Wednesday, March 31, 2010

Tip of the week

This is my BFF, Perry. And, no, I am not a sad, lonely, phsycotic beadmaker (although I am something of a quiet loner, the neighbors all say). It's a paring knife - hence 'Perry'- and when it comes to lampworking, I've found few tools of better value and greater usefullness . Perry is one of those things I wish I'd known about right off the bat and regret all the wasted time we spent apart.

He's not a 'trade secret'. Most lampworker's have a trusty little knife that they use on a regular basis, but it's not something you think about when you first start out. I didn't figure it out until at least 2 years into this adventure, so I thought I'd share this knowledge with anyone out there who doesn't already know.
If you do already know, move along, there's nothing here to see.

I picked Perry up at the Goodwill (for God's sake, don't tell my daughter I referred to the Goodwill in my blog. She'll, like, totally die of humiliation). He used to travel around with us in our travel trailer (back before the travel trailer was crashed and ruined in an ironic twist of fate that I won't go into here). He's small but powerful, incredibly sharp,very pointy and, best of all, I paid about 25 cents for him.

He and I have been collaborating at the torch for about 2 years now and have spent much quality time together. He's truly my most fab BFF.
Here are some of the things he and I have made together.

Perfect for cutting seashell spirals and adding ruffle-edge elements

Impossible to make this bead without Perry. Essential for cutting spiral lines and utilizing Michael Barley's (freaking genius, that guy!!!) 'baleen' technique

No optic molds for me. No way, never make it easy. Every indent and petal is hand-cut.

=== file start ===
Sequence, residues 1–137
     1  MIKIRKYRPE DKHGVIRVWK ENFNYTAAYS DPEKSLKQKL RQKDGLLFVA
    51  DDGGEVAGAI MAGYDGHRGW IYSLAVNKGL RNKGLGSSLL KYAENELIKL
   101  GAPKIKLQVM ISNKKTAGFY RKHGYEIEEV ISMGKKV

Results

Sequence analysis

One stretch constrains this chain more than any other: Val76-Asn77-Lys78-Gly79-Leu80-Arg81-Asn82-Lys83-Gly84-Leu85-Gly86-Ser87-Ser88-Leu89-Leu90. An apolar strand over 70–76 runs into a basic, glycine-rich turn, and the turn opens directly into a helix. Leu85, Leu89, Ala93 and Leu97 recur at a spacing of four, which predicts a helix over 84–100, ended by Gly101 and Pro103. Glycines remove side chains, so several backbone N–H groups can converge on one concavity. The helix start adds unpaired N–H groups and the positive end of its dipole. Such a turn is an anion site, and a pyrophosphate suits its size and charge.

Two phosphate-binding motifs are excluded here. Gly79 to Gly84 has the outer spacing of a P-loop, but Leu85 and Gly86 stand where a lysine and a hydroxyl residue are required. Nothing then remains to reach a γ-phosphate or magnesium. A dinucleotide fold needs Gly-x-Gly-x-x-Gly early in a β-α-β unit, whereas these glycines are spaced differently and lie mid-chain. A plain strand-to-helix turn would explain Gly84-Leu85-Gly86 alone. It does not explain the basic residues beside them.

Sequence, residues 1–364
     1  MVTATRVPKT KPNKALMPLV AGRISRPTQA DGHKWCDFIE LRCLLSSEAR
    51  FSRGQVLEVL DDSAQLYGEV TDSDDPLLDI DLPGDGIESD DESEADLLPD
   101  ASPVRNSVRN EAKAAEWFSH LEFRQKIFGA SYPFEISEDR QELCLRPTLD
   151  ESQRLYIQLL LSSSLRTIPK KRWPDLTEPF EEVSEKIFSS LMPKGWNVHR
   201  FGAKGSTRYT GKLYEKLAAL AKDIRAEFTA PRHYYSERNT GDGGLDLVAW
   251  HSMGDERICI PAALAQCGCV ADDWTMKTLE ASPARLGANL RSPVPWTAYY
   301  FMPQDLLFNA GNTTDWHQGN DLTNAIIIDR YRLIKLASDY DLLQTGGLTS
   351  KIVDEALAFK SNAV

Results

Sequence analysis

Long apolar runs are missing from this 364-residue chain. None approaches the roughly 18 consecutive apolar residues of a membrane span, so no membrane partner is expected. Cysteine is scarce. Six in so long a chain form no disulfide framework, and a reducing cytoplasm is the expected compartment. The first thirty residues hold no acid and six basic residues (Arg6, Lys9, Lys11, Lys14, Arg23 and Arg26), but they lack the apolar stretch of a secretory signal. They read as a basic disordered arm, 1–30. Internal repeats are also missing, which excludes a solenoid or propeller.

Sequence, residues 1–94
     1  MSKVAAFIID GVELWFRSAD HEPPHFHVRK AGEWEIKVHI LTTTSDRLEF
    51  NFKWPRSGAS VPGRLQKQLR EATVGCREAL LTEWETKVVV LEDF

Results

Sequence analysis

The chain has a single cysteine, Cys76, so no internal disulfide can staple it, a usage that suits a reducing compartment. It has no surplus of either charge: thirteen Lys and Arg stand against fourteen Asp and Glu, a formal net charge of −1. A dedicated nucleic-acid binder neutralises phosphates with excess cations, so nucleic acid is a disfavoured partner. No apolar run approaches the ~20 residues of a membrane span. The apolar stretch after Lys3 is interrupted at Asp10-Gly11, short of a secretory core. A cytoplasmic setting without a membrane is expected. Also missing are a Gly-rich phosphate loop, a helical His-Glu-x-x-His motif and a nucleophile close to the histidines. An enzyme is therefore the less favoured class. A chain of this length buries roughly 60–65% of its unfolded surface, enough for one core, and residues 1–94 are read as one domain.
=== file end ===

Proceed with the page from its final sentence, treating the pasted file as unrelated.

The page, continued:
Perfect for a poke in the eye,drawing down the brow, shaping a beak, or making feathers.

Again with the 'baleen'. Pretty, ain't it?

I'd heard that there's a new tutorial out there, teaching this internal, stacked spiral technique. Perry and I have been doing it for years and I didn't realize it was such a big secret. I should have written it down, I guess. Oh well, it's really not about the money...

These are just a few of things we've made. There really are an endless variety of tools that you can buy, try and then stack back on the shelf, but I think simple things are best. Sure, there are a dozen different tools I could accumulate that would probably end with the same results - and probably much faster, too. But I like doing things this way. It makes me feel more connected to my work - less like a production robot and more like a true artisan.

Which brings up a commercial I saw on TV that's been annoying the hell out of me.

What's 'artisan bread', supposed to be anyway?


Createology said...

What a wonderful tip and thank you for sharing it. You and your bff Perry are fabulous together. I don't know anything about lampwork except that I am afraid of fire and pressurized anything so I don't think I shall be trying this but you are brilliant and generous. Happy creating...

Mermaid Glass said...

Thanks! I, too, was terrified of exploding bottles of oxygen and propane and becoming a 'developing story' on the evening news. I still am!

Rebecca said...

oh, gosh, it's really nice to hear another lampworker say they are afraid of their tanks-I have visions of my garage exploding into a ball of flames and being the headline on the evening news- "Arlington woman blows self up in propane tank disaster..." or something like that...

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